I love to write. I suppose I’m not particularly good at it, but I do enjoy it. Now and again, something ends-up on paper that makes me stop and say to myself, “Now where in heaven’s name did that come from?” Mostly, though, I have one of four reactions to the product of my labors: satisfied with it; think it’s blather but maybe worth reading; want to edit the heck out of it; or decide to pitch it out.
One day wrote something I felt good about. It doesn’t happen often, and I soaked every bit of joy out of it that I could. Then I took a risk; I showed it to my boss, not as my supervisor but as a co-worker from whom I wanted to get an opinion as to whether or not it was any good. His comment? “I don’t believe in…,” and proceeded to tell me why he disagreed with some of the content in the piece. This was not the reaction I wanted, much less expected. I had no problem with his statement about his belief in something; he was entitled to express his disagreement with my thesis; still, it would have been lovely to hear just a word or two like, “Although I don’t agree with your beliefs, your expression of your position was good.”
An hour or so later, I decided to be honest with him. I walked into his office and told him that I felt disappointed that he didn’t say anything about the whole piece, just about something he disagreed with. His response really floored me. “I’ve been trying to think how to say this, but I’ll just say it. I thought the writing was brilliant, but I couldn’t help but think that I wished you were as good at your work here.” I know it was his nature to be a perfectionist, but how I wish he had stopped at the first part of the sentence and just left out the part that began with “…but…”
I still think about that incident from time to time. I remember a technique of having difficult conversations and how it was advisable to do a kind of “sandwich,” beginning and ending with something positive about another’s performance with a “but” in the middle representing something that needed changing. The sandwich is supposed to separate the actions from the self, making the statement more about the problem with the work, not about the person’s being or selfhood. Somehow, it’s supposed to cushion the bad news by first and last mentioning the value of something else. That does not always work. I wonder if I’m getting conditioned to listen not to the prologue but for the “…but…”
I don’t think Moses heard the burning bush announce, “I know you like the quiet life, Moses, but…”
I’m sure the angel wasn’t apologizing when speaking to Mary, “I know this is asking a lot, but…” as he stood in the middle of her family patio.
Jonah, on the other hand, did hear a celestial “but…”. “I asked you to preach repentance, and you did a great job, but…” Jonah was rather pissed at that “but.” He was all set for a nice conflagration or at least a significant plague or something, but, no, God got a repentant people, and Jonah didn’t get to watch the punishment he was hoping to see.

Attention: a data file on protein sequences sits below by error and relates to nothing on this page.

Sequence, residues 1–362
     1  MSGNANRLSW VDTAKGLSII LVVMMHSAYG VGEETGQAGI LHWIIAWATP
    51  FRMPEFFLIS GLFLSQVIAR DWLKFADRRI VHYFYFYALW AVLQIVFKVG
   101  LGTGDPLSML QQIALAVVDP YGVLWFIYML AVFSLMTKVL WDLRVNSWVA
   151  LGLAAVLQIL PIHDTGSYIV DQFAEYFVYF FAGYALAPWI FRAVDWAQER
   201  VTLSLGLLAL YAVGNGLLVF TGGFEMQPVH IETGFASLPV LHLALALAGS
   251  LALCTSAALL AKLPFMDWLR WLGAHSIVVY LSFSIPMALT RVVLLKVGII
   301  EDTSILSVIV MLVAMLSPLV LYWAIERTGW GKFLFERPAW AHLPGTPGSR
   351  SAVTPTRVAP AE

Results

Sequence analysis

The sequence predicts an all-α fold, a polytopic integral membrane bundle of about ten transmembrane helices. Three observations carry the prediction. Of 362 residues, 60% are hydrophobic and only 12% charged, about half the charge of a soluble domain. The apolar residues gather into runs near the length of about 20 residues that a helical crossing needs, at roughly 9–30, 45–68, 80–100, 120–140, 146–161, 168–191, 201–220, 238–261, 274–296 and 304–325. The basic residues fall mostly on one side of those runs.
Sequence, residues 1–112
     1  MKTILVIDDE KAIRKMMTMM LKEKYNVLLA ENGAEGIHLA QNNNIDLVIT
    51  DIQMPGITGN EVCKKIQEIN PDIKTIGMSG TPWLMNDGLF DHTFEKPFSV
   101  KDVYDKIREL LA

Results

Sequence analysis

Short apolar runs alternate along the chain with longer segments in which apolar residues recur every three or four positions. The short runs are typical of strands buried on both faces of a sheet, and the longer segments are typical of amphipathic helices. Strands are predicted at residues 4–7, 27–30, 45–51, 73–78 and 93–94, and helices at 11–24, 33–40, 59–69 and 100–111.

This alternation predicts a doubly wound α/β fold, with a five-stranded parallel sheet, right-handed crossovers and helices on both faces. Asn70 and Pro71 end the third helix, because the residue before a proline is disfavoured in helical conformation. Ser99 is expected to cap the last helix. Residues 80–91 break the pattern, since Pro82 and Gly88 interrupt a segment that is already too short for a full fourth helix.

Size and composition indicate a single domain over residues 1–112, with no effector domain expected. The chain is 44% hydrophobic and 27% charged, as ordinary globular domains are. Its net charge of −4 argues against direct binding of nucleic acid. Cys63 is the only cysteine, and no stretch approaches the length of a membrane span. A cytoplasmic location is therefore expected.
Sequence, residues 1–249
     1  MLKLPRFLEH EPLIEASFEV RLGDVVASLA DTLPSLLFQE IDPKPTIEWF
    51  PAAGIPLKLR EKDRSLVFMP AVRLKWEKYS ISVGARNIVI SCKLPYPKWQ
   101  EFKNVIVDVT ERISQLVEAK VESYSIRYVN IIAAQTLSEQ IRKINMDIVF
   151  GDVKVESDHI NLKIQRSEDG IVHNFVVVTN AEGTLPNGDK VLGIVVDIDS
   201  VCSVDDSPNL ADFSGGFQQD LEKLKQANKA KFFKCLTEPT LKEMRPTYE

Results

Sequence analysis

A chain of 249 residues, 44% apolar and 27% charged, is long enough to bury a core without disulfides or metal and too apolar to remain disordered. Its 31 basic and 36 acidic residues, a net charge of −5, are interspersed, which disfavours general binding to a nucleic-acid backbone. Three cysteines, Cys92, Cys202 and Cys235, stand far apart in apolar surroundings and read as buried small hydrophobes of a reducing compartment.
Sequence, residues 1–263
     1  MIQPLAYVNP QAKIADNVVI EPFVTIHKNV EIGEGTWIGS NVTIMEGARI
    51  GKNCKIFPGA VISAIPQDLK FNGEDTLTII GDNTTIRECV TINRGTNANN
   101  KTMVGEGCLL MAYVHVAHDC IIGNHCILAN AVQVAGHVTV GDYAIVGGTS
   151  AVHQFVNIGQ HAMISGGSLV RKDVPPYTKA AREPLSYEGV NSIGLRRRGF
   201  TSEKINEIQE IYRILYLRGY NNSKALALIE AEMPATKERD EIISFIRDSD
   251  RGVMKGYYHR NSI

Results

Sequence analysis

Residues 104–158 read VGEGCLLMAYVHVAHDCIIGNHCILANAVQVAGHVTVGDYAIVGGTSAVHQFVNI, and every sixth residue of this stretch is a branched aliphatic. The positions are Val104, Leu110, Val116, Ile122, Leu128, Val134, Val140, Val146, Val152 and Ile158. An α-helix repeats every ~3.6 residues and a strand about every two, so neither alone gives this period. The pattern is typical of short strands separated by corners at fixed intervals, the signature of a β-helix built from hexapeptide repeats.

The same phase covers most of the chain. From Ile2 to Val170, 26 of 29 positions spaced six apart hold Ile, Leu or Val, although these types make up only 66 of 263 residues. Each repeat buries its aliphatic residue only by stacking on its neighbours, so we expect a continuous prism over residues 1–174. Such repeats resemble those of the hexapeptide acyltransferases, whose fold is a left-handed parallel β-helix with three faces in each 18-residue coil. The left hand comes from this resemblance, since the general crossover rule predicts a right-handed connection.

I guess even Job’s friends could have been guilty of “You’re a good guy, but…”
Martin Luther could have said, “I love this church, but…” That little conjunction can mean a whole shift in the line of vision.
Today the church commemorates the Russian iconographer, Andrei Rublev, born in the 1360s. Of many icons that have been attributed to him, two, at least, have been authenticated as Rublev’s. One of these two is the famous icon called “Trinity.” It references the story of angels visiting Abraham and Sarah in Genesis 18. Rublev, however, left Abraham and Sarah out of the picture, so to speak, and instead focused on the three angels — or perhaps it was God and two angels. I wonder whether Rublev started to put them in, but God intervened, perhaps with words like, “Nice idea, Andrei, but do you really need more people in there?”
I wonder what might happen if, before we were to do something, a little voice in our mind would pop up with “But what if…?” We wish drunk drivers would ask themselves that before they put their key in the ignition, but we’re likely to end up bruised and shaken even if we say something. Perhaps we could talk ourselves out of bad habits we had, or maybe suggest trading fruit and a salad for that gorgeous big double cheeseburger that would play merry heck with our triglycerides.
What if Peter had said “but…,” before he jumped over the side of the boat and tried to walk on water as Jesus was. When James and Andrew joined Jesus, their acceptance didn’t include, “but give us time to go grab a sandwich” or “I need my good pair of sandals,” did it?
Where does “but” come into our lives, and how do we use it? We could buy a new car but we could also use that money to save toward the kids’ college fund. We could watch another half hour of TV, but we could also spend that time in prayer, study, or meditation. We could choose the easy way of doing things, but we could also choose to do them the Jesus way. We could focus on the poor and less fortunate rather than how many possessions (even knitting yarn) we could accumulate, or perhaps how to support someone who exemplifies the teachings of Christ instead of making church numbers indicate how Christ-like the group was.
Where does “but” fit in? How can it be used profitably, not necessarily financially? How can God insert that little word into our lives if we don’t give God a chance? This is something I will need to think about this week.
Image: Trinity, Andrei Rublev, ca 1410-20. Located at Tretyakov Gallery, Moscow, Russia. Found at Wikiart Visual Art Encyclopedia.
Linda Ryan is a co-mentor for an Education for Ministry group, an avid reader, lover of Baroque and Renaissance music, and retired. She keeps the blog Jericho’s Daughter. She lives with her three cats near Phoenix, Arizona.